We’re hosting classes taught by Patricia Kline and Christina Oatfield, both of whom were instrumental in getting the law passed on the state level. They will have more in depth info about what can/cannot be made under the law, and all the info you’ll need to start your home food business. Check here for dates.

This is exciting stuff! I feel like this law is really moving us in a more sane direction on the issue of homemade food. This is a first step.  Once we prove that we can keep people safe, and that small producers are not the ones we need to worry about,  that if anyone should have mandatory inspections it should be huge meat plants—not-home based cookie makers—hopefully we can expand the law to cover all kinds of homemade foods.

 

 

 

 

thoughts

Selling Life: Why a Soybean is Not a Stereo

Selling Life: Why a Soybean is Not a Stereo

I heard a story on my way into work today and am feeling compelled to write something about it. It covered the Supreme Court case of a soybean farmer vs. Monsanto. The case, as I understand it, boils down to this: a man went to a grain mill, bought seeds, and planted them.

These seeds were Monsanto seeds: genetically engineered to produce incredible yields and illegal to replant. The farmer contends that he had always bought seeds from the grain mill to plant, and it wasn’t his fault that the Monsanto seeds were mixed in there.

Monsanto’s basic argument is that if farmers are allowed to replant their seeds without paying, there is no incentive for innovation. The Obama administration is behind them (which really pisses me off), on the grounds that the case has far-reaching implications for “self-reproducing” technologies in other fields (most notably medical devices).

Patents were created to protect inventors. If someone has the bright idea to make a better mouse trap (or stereo, or smartphone, or computer), then they should be able to maintain rights on that invention. If there is no protection, what’s the point of spending time creating it? This makes sense in most cases, and I understand why a court would argue on the side of Monsanto. If the decision applies to all technologies, then they would want set a precedent that is applied correctly.

But this is different. As genetically modified seeds become ever more ingrained in our food supply, it will be increasingly hard for farmers to refuse to use them. Even if they don’t buy them, seeds from neighboring fields could blow in, setting off lawsuits. Over time our food supply will become ever more dependent on the whims of these technologies, at the cost of thousands of years of slow selective breeding.  This is just wrong. We should not treat our food supply like an iPhone; whether it’s similar in a legal sense is not the point. In a real sense, they need to be seen as worlds apart!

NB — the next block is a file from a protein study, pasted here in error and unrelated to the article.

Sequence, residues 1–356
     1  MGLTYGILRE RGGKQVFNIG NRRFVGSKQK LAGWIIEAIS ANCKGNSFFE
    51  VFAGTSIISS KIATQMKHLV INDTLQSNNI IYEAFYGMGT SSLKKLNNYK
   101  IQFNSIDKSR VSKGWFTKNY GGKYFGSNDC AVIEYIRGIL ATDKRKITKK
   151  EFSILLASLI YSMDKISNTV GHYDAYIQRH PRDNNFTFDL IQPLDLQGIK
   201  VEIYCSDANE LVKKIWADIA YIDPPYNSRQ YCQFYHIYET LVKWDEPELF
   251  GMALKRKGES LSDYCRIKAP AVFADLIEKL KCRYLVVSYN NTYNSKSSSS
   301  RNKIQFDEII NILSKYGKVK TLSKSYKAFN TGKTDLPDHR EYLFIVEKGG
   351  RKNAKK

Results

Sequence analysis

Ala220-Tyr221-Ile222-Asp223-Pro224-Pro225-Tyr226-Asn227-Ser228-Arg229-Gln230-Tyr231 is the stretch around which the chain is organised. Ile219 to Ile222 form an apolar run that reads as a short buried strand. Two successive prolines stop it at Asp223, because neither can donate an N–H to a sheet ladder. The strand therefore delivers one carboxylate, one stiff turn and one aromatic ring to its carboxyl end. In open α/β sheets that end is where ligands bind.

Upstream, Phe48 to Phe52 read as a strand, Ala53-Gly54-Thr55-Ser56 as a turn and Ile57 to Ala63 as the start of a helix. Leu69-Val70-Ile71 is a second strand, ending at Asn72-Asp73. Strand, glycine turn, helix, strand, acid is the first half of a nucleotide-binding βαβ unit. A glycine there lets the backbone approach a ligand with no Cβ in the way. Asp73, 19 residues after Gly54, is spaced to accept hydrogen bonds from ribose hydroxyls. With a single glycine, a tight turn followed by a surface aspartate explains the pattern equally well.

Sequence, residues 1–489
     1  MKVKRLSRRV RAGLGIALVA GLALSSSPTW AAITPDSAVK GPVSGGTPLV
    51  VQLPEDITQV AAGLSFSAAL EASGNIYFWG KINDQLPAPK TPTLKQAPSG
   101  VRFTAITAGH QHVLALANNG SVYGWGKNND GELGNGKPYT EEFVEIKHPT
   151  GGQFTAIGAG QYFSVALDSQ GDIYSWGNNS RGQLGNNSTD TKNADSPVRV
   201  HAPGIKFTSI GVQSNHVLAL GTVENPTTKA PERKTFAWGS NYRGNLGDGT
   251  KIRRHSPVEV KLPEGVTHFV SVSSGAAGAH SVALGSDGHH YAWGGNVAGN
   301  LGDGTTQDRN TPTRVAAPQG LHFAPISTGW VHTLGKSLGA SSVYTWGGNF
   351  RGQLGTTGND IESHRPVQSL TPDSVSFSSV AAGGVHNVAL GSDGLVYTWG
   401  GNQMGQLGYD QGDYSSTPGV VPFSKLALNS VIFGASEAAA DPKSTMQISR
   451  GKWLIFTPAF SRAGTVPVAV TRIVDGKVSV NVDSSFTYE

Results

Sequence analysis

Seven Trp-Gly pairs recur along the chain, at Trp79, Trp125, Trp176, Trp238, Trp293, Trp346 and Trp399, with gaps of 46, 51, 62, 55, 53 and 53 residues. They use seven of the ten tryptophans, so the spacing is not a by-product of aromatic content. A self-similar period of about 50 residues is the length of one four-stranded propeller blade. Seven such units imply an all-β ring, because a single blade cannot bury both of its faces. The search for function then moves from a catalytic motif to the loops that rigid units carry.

I'm not trying to fear-monger,  and I realize that technology, especially bio-technology, has created some real wonders that have pushed us forward as a species, but the issue of patenting life is not only a food issue. A decision in a case like this could have more far-reaching consequences than we could imagine. Just one example is the fact that genes are now patented, and soon, I’m sure, more efficient forms of organs will be patented (grown in factories by handy 3D printers). What will the courts say then? What does a child owe for the superior genes that his parents bought from the lab, and what is it going to cost if he can’t pay? Health would be going to the highest bidder (although that's not too far from the reality at the moment). I know this is taking the issue to its most extreme reaches of science fiction , but all too soon. fiction will become reality. These are the real questions we should be asking ourselves. If we don’t, these questions that will be answered for us by the very companies who stand to profit from our lives.

So what do we do? I think the first step is simply letting people know that they are eating these foods. That is why I was so behind Prop 37. I feel like the issues of health are almost secondary to the issues that are being brought up in this case. One company should not have a monopoly on our food supply. Negative effects of GMO's are to this point unproven, but it seems that science has had one too many "oops" moments. Moments where something that was "proven" safe reveals itself to be anything but. These are bets. Bets that wager advancement of our species against some unseen consequence. The problem with this bet is that if we lose, the loss will be far greater than we can pay. It will be the loss of thousands of years of careful small advancements in food production, advancements that will be much harder to regain once they are lost.

 

 

thoughts, wild kitchen

Looking back over four years of dinners

Tonight is our four year anniversary of our Wild Kitchen dinners, our meals that focus on locally foraged ingredients. It's crazy that’s its been four years! I did the first Wild Kitchen on Valentine's Day in a friend of a friend's warehouse in the Mission. At the time my email list was about 50 people - all friends that I knew from the city - and I sent out the little blast with the menu to them. Two days before the event, almost no tickets had sold. I had bought all the food (spent my rent money and then some), had the location, but no one to eat! I was freaking out when my girlfriend at the time suggested I send it to Mission Mission to see if they’d post it. It worked! Allan from Mission Mission posted it and the dinner sold out! It's interesting to think of what would have happened had it gone another way. What would I be doing at this moment? It's crazy how many pivotal moments there are that I can look back on. Moments where it seemed like everything was going to fall apart, but then somehow, miraculously, it all worked out. Someone appears with just the right solution at the right time, or a location pops up out of nowhere when the one you think you’ll use has fallen through, or just the right amount of money falls into your lap to just barely finish buying the food for a dinner. It really is amazing.